Innovation out of our hands in a branch-plant economy
Nortel Networks Corp. on Friday quietly shed the last of its remaining major businesses, selling its optical and ethernet networking operations to U.S.-based Ciena Corp. for $774 million (U.S.).
There is a bounty of ironies here, of course. A mere decade ago Nortel had a $360 billion stock-market value, making it the 12th most-valuable corporate enterprise in the world. Nortel supplied world markets with its pioneering fibre optical gear that is now the backbone of the global Internet. For a time it nervily supplanted LM Ericsson as a telecom-equipment supplier to the Swedish government. The phones at the White House ran on Nortel’s networking gear.
Ciena, meanwhile, was a start-up too small to appear on Nortel’s radar when it went on its multibillion-dollar takeover binge in the late 1990s, which almost saw Nortel merging – and as the dominant partner – with the legendary Corning Inc. of New York State, maker of Thomas Edison’s first light bulb.
We coulda been a contendah …
Instead, the steep decline and ultimate dismantling of the 125-year-old Nortel roughly coincided with the loss to foreign owners of such other “national champions” as Alcan, Inco, Falconbridge, Stelco, Ipsco and Dofasco, the latter among the world’s best-run and most consistently profitable steelmakers during close to a century of Canadian ownership.
“Canada for sale” was Ottawa’s guiding principle, if one wants to dignify with a label the feds’ lack of interest, under both the Paul Martin Grits and Stephen Harper Tories. Yes, commitments of continued employment were extracted from or offered by some of the foreign buyers. These were promptly reneged on come the recession by the new Swiss, Brazilian and U.S. owners of Falconbridge, Inco and Stelco, respectively.
It’s in that context that we’re warned again that Canada lags the world in industrial innovation, this time in the Conference Board of Canada’s latest report card, which ranks Canada 14th among 17 peer nations.
“Canada is well-supplied with educational institutions and carries out scientific research that is well-respected around the world,” said Gilles Rhéaume, vice-president for public policy at the think-tank.
“But, with a few exceptions, Canada does not successfully commercialize its scientific and technological discoveries into world-leading products and services. Canadian companies are rarely at the leading edge of new technology and find themselves a step behind the leaders.”
That’s an understatement. We’re not a step behind, we’re nowhere to be found in most industrial sectors. There are no Canadian-owned automakers (South Korea has several).
We have no major players in heavy equipment; chemicals; industrial wiring and electrical controls; motors; prescription and over-the-counter drugs; hygiene, make-up, fragrance and other personal-care products; breakfast cereals, snack foods; liquor; diapers; greeting cards; laundry and other cleaning products; hotel and resort chains; industrial and household tools; pet food; tires; office and home furnishings; or heart stents, Stryker beds and other products of the medical-industrial complex.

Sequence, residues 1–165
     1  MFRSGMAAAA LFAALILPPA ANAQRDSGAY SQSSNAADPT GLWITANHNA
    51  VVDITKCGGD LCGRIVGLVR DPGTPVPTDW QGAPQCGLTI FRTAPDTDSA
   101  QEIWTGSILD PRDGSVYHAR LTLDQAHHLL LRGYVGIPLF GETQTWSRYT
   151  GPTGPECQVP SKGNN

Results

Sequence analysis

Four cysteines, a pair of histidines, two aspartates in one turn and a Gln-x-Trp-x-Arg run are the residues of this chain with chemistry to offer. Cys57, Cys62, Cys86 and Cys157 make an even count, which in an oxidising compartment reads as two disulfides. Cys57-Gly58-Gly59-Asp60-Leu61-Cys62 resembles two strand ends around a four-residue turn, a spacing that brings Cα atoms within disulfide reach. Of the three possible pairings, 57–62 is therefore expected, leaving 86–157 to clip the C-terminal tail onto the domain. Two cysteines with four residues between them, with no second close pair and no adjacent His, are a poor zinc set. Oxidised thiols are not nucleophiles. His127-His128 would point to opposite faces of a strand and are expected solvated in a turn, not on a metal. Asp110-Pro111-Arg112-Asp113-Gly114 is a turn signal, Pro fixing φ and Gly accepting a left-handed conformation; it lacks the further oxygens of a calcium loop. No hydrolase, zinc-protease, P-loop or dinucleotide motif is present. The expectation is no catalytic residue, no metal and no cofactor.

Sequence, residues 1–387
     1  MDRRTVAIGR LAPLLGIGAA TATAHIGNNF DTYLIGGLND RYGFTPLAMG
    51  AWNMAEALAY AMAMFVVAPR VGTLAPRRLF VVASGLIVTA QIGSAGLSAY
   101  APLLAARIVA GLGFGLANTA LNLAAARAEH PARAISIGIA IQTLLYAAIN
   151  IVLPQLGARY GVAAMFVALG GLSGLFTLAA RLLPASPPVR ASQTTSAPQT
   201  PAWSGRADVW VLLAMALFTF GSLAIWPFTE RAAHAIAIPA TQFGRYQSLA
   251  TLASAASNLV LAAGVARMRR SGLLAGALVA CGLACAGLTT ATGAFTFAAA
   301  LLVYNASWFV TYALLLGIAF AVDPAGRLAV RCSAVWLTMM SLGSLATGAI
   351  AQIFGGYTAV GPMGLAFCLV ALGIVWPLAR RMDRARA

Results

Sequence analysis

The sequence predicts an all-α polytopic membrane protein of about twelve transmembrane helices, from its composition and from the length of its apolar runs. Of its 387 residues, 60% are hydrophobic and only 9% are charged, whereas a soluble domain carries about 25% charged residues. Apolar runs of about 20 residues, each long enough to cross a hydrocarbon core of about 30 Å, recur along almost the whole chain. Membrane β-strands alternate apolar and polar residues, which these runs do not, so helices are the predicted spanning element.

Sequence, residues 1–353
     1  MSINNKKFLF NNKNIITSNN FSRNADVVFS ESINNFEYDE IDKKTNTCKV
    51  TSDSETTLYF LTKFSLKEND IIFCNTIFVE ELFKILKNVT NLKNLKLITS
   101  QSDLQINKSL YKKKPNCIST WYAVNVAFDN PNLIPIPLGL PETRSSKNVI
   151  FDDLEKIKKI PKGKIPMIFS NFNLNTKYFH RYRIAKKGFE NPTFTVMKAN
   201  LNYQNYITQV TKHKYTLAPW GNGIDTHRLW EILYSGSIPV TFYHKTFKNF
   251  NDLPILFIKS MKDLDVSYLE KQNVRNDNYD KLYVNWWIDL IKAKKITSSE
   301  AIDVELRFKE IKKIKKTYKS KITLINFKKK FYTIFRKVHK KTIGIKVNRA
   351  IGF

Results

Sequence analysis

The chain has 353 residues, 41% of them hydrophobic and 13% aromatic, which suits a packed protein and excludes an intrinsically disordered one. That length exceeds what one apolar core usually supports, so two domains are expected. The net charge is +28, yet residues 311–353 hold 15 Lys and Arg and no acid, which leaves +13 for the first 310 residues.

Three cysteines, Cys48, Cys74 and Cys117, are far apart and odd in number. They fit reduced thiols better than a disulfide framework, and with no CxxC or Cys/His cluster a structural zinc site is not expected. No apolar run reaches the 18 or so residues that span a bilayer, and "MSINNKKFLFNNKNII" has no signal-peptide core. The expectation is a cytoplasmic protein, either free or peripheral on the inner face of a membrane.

The decisions about shape, size, variety, colour, pricing and regional availability of all those things are made beyond our borders. Canada has always been a branch plant, since its first brush with European fur traders. How can we complain that we suffer the backward attributes of a branch-plant economy when we are, in fact, a branch plant?
Innovation is a key to productivity gains, the principal means by which we raise our standard of living. But innovation is largely out of our hands. Industrial R&D for companies that sell their goods in Canada is largely conducted elsewhere. So is the critical decision-making about new-product development and investment in more efficient capital equipment.
With notable exceptions like the auto sector, branch plants rarely have a mandate to export. The entire point of most branch plants is to focus on serving a national or regional market.
We know from the examples of Bombardier Inc., now building China’s inter-city rail system; engineering giant SNC-Lavalin, also of Montreal; Magna International with its hundreds of plants in North America and Europe; and BlackBerry developer Research In Motion that Canadian firms are capable of developing world-class products and conquering global markets.
But in contrast with many of our industrialized peers, we have not devised a national industrial strategy that incubates cash-strapped yet promising start-ups that might someday have the required heft of a Bombardier, Magna or RIM; strengthening the bond between universities and teaching hospitals with commercial enterprises; and confronting the dilemma of Canadian owners of world-class firms selling out to foreign interests.
If it feels at times that we’re living in someone else’s country, in some degree we are. With one of the least domestically owned economies among our industrial peers, it’s long past time we confronted the implications of foreign ownership on our lack of control over productivity, on which our prosperity very much depends.
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